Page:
> > Right, so IIUC, I would have a oneshot service that does the backup, and the timer
> > runs that, and of course the timer can depend on the mount point.  And if the
> > mount point doesn't exist, then the service started by the timer will fail.
> >
> > What I would prefer to have is a timer that only runs if *both* the time *and*
> > mount conditions are met.  Skimming the man page, this does not seem possible.
> > I suppose it would be nice if timers learned "conditions" on which they should
> > wait in addition to the time condition, but maybe that's outside the scope of
> > systemd?
>
> I think if you just set the dependency on the service you'll get the
> behavior you desire.  Systemd will try to mount the backup filesystem,
> and if that fails it won't run the backup.
>
> You can set conditions on units as well, like only running if they're
> on AC power or on amd64 or to run one unit the first time you start a
> service and a different unit every other time.  Some of that was
> designed to implement some of the stateless system features they're
> adding to systemd.
Right, I'll have a look at them.

Thanks
--
Marc Joliet
--
"People who think they know everything really annoy those of us who know we
don't" - Bjarne Stroustrup

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Re: Systemd migration: opinion and questions

Marc Joliet
In reply to this post by Duncan-42
Am Wed, 25 Feb 2015 10:13:14 +0000 (UTC)
schrieb Duncan <[hidden email]>:

> Rich Freeman posted on Tue, 24 Feb 2015 16:44:59 -0500 as excerpted:
>
> > On Tue, Feb 24, 2015 at 3:15 PM, Marc Joliet <[hidden email]> wrote:
> >>
> >> == Things I have *not* gotten rid of (yet) ==
> >>
> >> I plan on uninstalling syslog-ng, but haven't done so yet.  I simply
> >> feel better waiting a bit, even though I don't run it anymore.  Man, I
> >> feel silly after typing that...
> >
> > Yeah, took me a while to uninstall it, but I don't find much value in
> > running both.
>
> First, welcome to systemd! =:^)  I may respond to other parts too but
> this one's reasonably easy, while my choice is different, so I'll explain
> what and why...
>
> Intro: I chose to keep syslog-ng running here, while I (of course) have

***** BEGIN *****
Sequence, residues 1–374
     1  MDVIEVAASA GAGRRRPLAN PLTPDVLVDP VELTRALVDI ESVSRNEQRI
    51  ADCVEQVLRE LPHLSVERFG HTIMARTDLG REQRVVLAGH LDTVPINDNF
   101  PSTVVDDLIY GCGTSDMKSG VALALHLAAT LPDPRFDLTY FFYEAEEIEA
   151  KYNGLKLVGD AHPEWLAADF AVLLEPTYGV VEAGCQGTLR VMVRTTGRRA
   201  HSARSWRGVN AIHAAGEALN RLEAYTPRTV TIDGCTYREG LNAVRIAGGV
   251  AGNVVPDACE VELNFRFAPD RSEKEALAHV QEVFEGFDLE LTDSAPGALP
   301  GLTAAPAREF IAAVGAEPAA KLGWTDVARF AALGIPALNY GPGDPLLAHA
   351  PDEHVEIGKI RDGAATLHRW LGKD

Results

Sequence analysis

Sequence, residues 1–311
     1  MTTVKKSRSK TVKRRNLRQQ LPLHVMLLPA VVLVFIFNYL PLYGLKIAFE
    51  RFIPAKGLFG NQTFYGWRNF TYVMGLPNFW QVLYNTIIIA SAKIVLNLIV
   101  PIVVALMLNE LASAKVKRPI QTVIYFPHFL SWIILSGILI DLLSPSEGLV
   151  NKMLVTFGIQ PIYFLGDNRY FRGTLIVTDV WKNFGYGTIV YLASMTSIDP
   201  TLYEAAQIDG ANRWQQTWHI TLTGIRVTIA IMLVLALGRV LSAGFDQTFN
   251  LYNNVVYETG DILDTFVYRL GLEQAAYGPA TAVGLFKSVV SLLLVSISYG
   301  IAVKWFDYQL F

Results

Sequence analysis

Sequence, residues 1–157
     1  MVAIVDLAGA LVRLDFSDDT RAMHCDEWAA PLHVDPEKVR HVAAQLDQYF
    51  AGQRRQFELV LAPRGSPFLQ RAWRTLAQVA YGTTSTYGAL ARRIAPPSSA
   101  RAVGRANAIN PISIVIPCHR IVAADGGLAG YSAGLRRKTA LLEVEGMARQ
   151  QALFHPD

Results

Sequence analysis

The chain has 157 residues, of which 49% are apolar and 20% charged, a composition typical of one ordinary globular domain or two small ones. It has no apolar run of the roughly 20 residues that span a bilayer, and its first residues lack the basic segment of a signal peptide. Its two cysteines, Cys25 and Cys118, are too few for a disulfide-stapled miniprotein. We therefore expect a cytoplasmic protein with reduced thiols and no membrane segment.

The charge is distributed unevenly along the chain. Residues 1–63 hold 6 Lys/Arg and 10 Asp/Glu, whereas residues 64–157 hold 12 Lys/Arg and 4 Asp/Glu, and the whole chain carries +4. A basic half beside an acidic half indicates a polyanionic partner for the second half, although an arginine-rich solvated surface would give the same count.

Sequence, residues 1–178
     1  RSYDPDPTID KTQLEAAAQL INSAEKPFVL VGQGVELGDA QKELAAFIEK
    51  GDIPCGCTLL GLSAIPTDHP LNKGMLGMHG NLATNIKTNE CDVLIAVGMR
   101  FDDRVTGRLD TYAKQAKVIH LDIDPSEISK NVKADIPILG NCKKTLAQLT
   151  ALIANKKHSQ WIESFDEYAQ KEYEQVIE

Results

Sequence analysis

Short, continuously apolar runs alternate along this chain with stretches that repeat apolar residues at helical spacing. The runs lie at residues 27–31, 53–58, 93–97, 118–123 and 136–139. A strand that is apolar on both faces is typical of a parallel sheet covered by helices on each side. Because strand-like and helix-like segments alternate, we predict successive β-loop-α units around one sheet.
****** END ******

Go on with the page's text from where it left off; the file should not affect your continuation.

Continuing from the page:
> journald running as well.  I believe the way I have configured both plays
> to the advantages of each, while discounting the weak areas of each as
> the other one covers that area.
>
> What:
>
> 1) Journald is configured to use volatile storage (the /run/log/journal
> subdir, with /run being tmpfs) ONLY, effectively limiting it to single-
> session.
Right, I remember that from your thread a while back.

> 2) Syslog-ng is configured pretty much as before, except that I have its
> systemd USE flag turned on, which builds it with journald support so the
> two cooperate a bit better.
[...]
> Meanwhile, for logs beyond one session, I still prefer traditional text-
> based logs, tho I suppose that's partly because that's what I'm most used
> to.  But there's several advantages to it that I see:

Personally, I don't mind the binary format, since the engineering advantages
convinced me (constant-time access, lots of meta-data which you can filter by,
git-inspired chain of hashes for integrity checking, etc.).

> a) If the system crashes, partially corrupted in-the-crash text logs can
> be of at least some use after a reboot.  Binary journals, not so much.

As Rich mentioned, and as I remember reading myself (on the btrfs ML?), the
journal will do its best to read back from corrupted logs and is supposedly
pretty resilient.

> b) As far as I could find, journald has absolutely no mechanism to filter
> incoming (pre-storage) log entries, while syslog-ng has had (pre-storage)
> filter mechanisms for ages.  Journald seems to have all sorts of outgoing
> post-storage filter-on-output options, some of which are pretty nifty,
> but there have been several times in the past where logs filled up with
> "noise", thousands of repeat entries for something or other that occurs
> regularly, say once a minute, that I simply do not care about and don't
> want in my logs at all, but which I can't directly stop at the source for
> whatever reason.  One of them was a kernel bug that triggered for a few
> kernel cycles, then eventually went away, another was a ksysguard
> triggered message, with that ksysguard graph updating every second, etc.  
> Unfortunately, while journald makes it easy to filter these out on
> output, I found no way of preventing their appearance in the journal at
> all.
>
> But syslog-ng lets me dump them without ever actually logging them, or
> route them to a different log file if I prefer, keeping my primary logs
> clean. =:^)
That is a very good point, I hadn't thought of that.

However, I think that I prefer the post-filtering approach, since it is in